Updated 2011-07-29 02:16:19 by RLE

CL often has occasion to listen on TCP (and UDP, for that matter, but let's cover that later) ports for process control data. My general advice to clients is that they work in Tcl whenever possible, and that they not fret about performance in particular. While there's no question that C is "closer to the silicon", and is definitely faster for basic bit- and byte-wrangling, Tcl generally is plenty fast.

This page reports on one attempt to quantify that counsel. My model is a client which connects on a port, receives a sequence of bytes, twiddles their bits slightly, and computes a result. Here's the corresponding Tcl code:
    proc read_data {} {
        set sum 0
        set count 0
        set mask 0x5A
            # Choose any host other than the local one, and the difference 
            # between C and Tcl shrinks even more.  5837 is a port chosen 
            # merely for convenience.
        set channel [socket localhost 5837]
        fconfigure $channel -translation binary
        while 1 {
            set data [read $channel]
            foreach item [split $data {}] {
                incr count
                    # In process-control contexts, I often need to mask 
                    # off a few bits and manipulate the resulting value.  
                    # Neither $mask nor the single right-shift are 
                    # particularly meaningful; they're just the results 
                    # of experiments to yield suggestive, quantifiable 
                    # results. 
                set value [scan $item %c]
                set addend [expr {($mask & $value) >> 1}]
                incr sum $addend
                # puts -nonewline "$value ($addend) "
            if {[eof $channel]} break
        puts "\nSum is '[format %x $sum]'."
        return $count

    set result [time {set count [read_data]} 3]
    puts $result
        # This is a hackish way to extract the time.
    set microseconds [lindex $result 0]
    set quotient [expr round(double($microseconds) / $count)]
    puts "$quotient microseconds per byte received."

On a generic Linux x86 host at hand, when I blasted random data from a simple server (see below) as fast as possible, I observed these results. The latter two columns are microseconds per byte received:
   Bytes  Tcl   C
  ------  ---  ---
     100   17   36
     300   11   14
    1000    8    6
   10000    6    2
   30000    6    2
  100000    6    2

My summary: don't choose C because of performance. Unless message sizes are quite large, or you're willing to tune your C coding carefully, you can safely assume that Tcl's performance penalty is 60% at most (an amount easily lost in network, UI, and other noise), and possibly far less.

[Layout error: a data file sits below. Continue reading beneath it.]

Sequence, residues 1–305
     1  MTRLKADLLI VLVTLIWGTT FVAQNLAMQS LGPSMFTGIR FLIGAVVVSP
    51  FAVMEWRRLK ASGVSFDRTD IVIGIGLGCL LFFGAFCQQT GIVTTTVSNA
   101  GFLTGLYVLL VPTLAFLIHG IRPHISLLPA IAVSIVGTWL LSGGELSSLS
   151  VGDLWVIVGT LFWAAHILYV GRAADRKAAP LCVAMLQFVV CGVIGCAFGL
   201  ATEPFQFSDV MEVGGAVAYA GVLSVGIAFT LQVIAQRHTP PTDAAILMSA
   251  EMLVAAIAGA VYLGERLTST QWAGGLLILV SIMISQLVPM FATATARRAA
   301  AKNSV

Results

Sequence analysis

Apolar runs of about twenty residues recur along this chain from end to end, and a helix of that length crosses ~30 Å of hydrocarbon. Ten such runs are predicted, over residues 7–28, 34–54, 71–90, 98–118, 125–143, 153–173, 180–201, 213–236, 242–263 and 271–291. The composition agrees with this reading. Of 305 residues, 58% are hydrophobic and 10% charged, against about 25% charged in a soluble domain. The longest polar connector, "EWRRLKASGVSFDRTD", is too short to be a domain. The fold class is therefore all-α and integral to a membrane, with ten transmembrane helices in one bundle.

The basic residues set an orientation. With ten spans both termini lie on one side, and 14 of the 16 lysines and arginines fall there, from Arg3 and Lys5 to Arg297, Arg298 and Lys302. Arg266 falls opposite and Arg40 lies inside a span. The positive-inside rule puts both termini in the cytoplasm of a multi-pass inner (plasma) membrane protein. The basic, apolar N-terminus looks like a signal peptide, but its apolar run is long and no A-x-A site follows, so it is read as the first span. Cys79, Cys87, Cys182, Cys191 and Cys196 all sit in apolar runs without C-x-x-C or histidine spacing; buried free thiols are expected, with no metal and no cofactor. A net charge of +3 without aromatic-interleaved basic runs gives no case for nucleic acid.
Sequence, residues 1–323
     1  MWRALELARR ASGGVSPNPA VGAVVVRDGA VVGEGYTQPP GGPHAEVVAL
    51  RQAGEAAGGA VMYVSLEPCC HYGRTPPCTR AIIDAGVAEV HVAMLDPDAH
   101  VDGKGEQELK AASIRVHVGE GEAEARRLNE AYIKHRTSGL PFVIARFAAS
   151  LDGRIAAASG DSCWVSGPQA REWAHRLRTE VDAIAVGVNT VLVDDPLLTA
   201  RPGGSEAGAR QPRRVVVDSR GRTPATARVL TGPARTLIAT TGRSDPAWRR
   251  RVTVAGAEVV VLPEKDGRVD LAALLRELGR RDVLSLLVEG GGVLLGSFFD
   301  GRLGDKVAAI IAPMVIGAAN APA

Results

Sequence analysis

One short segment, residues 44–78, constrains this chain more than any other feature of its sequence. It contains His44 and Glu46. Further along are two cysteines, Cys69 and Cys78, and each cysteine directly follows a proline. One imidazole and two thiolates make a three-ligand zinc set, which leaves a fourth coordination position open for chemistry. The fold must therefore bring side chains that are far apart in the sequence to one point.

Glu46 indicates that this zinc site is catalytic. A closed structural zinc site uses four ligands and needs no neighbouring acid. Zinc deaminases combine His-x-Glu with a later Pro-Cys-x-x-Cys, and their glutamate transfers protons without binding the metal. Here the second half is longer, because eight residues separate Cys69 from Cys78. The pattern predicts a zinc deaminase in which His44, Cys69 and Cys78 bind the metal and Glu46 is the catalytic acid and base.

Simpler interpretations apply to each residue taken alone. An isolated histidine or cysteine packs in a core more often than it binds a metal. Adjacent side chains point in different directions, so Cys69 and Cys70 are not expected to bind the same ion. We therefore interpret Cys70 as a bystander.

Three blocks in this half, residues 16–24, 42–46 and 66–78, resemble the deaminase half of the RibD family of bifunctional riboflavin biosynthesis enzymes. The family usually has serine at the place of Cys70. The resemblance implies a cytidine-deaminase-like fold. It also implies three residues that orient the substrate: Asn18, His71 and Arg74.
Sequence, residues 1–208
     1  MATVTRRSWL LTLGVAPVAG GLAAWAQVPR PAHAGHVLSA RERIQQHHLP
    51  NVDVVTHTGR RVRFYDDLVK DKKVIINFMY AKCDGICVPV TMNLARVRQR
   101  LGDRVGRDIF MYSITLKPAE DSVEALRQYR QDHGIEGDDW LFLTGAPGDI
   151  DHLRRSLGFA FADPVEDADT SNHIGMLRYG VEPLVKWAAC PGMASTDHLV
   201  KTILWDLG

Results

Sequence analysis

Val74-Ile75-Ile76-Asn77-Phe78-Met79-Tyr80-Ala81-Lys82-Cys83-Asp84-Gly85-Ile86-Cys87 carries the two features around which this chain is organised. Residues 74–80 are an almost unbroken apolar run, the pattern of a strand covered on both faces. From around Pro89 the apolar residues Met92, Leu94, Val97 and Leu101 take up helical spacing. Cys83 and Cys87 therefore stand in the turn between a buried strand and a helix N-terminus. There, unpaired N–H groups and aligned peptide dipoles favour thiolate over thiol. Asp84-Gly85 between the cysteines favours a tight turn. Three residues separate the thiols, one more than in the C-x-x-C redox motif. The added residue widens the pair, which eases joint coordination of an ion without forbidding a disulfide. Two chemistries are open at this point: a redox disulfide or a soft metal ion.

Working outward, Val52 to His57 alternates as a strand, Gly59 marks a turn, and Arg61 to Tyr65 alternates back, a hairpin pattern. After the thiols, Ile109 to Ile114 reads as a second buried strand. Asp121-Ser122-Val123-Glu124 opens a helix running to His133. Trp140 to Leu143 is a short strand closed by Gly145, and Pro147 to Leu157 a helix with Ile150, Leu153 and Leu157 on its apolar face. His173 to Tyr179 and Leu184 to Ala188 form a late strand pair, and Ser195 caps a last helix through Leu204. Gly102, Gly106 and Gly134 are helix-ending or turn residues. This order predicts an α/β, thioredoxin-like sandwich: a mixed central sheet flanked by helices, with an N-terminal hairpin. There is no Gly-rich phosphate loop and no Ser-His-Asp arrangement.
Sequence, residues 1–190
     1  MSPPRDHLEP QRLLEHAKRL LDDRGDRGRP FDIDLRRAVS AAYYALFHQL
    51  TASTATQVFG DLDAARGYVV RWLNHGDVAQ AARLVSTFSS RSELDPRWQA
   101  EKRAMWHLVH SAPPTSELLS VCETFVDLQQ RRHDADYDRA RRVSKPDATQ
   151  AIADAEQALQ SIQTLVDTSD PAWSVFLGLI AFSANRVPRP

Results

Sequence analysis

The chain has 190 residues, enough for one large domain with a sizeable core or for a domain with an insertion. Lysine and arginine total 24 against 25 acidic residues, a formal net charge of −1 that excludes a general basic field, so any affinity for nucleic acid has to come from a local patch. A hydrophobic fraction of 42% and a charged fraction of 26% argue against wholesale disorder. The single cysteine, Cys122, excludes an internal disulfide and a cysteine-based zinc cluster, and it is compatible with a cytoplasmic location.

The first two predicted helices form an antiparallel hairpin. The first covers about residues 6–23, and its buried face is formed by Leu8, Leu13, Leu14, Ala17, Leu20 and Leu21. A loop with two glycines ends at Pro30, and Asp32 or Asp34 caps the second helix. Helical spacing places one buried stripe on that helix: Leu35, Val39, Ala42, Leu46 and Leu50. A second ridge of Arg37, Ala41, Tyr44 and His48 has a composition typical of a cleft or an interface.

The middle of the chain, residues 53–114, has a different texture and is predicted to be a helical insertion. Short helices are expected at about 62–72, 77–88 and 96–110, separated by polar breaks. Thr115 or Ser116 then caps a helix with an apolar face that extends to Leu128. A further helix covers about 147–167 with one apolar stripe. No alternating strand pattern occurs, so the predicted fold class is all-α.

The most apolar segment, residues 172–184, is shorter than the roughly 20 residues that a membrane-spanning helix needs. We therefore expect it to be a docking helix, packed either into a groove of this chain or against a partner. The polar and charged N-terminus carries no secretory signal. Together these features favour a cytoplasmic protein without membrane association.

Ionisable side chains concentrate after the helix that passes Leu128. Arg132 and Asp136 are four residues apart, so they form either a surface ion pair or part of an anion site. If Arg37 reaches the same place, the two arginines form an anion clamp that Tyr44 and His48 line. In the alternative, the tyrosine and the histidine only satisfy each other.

Here's a simple C recv-based client:
    #include <stdio.h>
    #include <sys/types.h>
    #include <sys/socket.h>
    #include <netinet/in.h>
    #include <netdb.h>
    #include <sys/time.h>

    void error(char *msg)

    long int difference(struct timeval *before, struct timeval *after)
        return 1000000 * (after->tv_sec - before->tv_sec) +
                         (after->tv_usec - before->tv_usec);

    int main(int argc, char *argv[])
        int sockfd, portno, n, byte, rc;
        int mask, sum, count, diff, addend;
        char *ptr;
        struct sockaddr_in serv_addr;
        struct hostent *server;
        unsigned char buf[512];
        struct timeval before, after;

        sum = 0;
        count = 0;
        portno = 5837;
        sockfd = socket(AF_INET, SOCK_STREAM, 0);
        if (sockfd < 0)
            error("ERROR opening socket");
        server = gethostbyname("localhost");
        if (server == NULL) {
            fprintf(stderr,"ERROR, no such host\n");
        bzero((char *) &serv_addr, sizeof(serv_addr));
        serv_addr.sin_family = AF_INET;
        bcopy((char *)server->h_addr,
             (char *)&serv_addr.sin_addr.s_addr,
        serv_addr.sin_port = htons(portno);
        if (connect(sockfd, &serv_addr,sizeof(serv_addr)) < 0)
            error("ERROR connecting");
        mask = 0x5A;
        gettimeofday(&before, NULL);
        while (1) {
            rc = recv(sockfd, buf, sizeof(buf), 0);
            if (rc <= 0) break;
            for (ptr = buf; rc--;) { 
                byte = *ptr++;
                addend = (mask & byte) >> 1;
                sum += addend;
            /* printf("%d (%d) ", byte, addend); */
        printf("\nSum is '%x'.\n", sum);
        gettimeofday(&after, NULL);
        printf("%ld and %ld.\n", after.tv_sec, after.tv_usec);
        diff = difference(&before, &after);
        printf("Elapsed time is %d microseconds.\n", diff);
        printf("That is %d microseconds per byte received.\n", diff / count);
        return 0;

[Still to do: exhibit model server, and comment on Windows vs. Unix.]

See also: